What was that craving all about?

I didn’t have an awareness of, or a name for, that craving for approval until after the interview was finished and I had walked out of the Center for Mindfulness. Before starting my car, I paused to read from Daily Reflections, a book of brief selections from Alcoholics Anonymous literature that I usually read from in the morning. Ironically, I had mindlessly forgotten to do so that day. Excerpted from a book titled The Language of the Heart, the reading reminded me that

“this very real feeling of inferiority is magnified by [my] childish sensitivity and it is this state of affairs which generates in [me] that insatiable, abnormal craving for self-approval and success in the eyes of the world.” [1]

This isn’t an easy pill to swallow, a less-than-pleasant defect of character to face in one’s self. The good news is that I’m not alone. So common is the human tendency for approval-seeking that it’s addressed pretty explicitly in the Buddhadharma.

The Loka Dham, ma, variously translated as Eight Worldly Conditions or Eight Worldly Concerns, consists of four pairs of opposite states, among which are Fame and Disrepute. Attraction to Fame and aversion to Disrepute keeps us bound to the comfortable familiarity of Samsara, likewise with Praise and Blame, Gain and Loss, and, of course, Pleasure and Pain. In contemplating these Eight Worldly Concerns, I’ve long felt that Fame is a concern that doesn’t much concern me, as I’ve never been concerned with being famous. Lately it occurs to me, however, that the Fame that the Buddha referred to wasn’t necessarily of the variety that lands one’s face on the cover of the Rolling Stone; it has to do more generally with the desire to be looked well upon by others. That concerns me.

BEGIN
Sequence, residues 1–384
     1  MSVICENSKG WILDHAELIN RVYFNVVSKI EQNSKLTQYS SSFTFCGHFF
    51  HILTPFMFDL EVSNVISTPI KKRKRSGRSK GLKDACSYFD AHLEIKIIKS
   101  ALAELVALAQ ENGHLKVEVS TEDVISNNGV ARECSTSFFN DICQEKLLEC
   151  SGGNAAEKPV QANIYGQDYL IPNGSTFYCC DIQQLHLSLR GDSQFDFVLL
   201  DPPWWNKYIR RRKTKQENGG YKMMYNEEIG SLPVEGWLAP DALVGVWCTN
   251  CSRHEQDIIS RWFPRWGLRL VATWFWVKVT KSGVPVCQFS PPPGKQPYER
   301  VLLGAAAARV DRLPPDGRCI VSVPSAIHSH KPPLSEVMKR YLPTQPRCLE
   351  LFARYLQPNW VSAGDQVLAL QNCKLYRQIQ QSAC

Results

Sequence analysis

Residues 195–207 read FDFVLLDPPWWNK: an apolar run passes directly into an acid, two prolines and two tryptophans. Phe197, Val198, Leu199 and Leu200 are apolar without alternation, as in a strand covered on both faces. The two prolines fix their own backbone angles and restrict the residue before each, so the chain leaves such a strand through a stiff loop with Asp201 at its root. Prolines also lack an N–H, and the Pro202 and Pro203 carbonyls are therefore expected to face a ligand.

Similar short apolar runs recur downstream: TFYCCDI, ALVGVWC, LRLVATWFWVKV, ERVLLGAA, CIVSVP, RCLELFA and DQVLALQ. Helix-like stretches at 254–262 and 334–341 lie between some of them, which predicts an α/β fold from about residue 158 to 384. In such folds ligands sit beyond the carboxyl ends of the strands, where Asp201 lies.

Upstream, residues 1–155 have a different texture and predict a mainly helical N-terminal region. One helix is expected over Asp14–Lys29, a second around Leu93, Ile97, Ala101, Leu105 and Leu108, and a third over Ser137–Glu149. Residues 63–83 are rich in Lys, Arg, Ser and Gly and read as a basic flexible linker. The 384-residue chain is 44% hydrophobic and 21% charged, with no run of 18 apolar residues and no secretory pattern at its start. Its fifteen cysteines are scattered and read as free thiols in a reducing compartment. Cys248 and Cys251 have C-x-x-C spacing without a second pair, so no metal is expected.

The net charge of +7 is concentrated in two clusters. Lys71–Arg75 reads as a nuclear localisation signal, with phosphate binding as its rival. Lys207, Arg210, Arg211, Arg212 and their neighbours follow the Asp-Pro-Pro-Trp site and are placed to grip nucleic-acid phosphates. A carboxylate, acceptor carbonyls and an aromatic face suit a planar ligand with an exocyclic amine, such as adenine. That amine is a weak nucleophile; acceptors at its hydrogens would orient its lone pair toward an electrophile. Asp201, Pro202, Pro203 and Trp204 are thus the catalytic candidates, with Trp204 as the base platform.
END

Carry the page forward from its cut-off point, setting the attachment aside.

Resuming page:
As an anonymous friend of mine is fond of saying, “What other people think of me is none of my business.” Holding this thought in mind offers me a glimpse of the freedom that’s available to those who can truly stand in equanimity between the poles of Fame and Disrepute. Awareness of this karmic tendency to crave approval inches me a little closer to the center of the spectrum. Thank God I’ve never wanted to be famous. Hopefully this PBS documentary won’t bring in too many offers…

[1] Anonymous (1990). Daily Reflections, New York: Alcoholics Anonymous World Services, Inc., p. 103.

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Walk of Life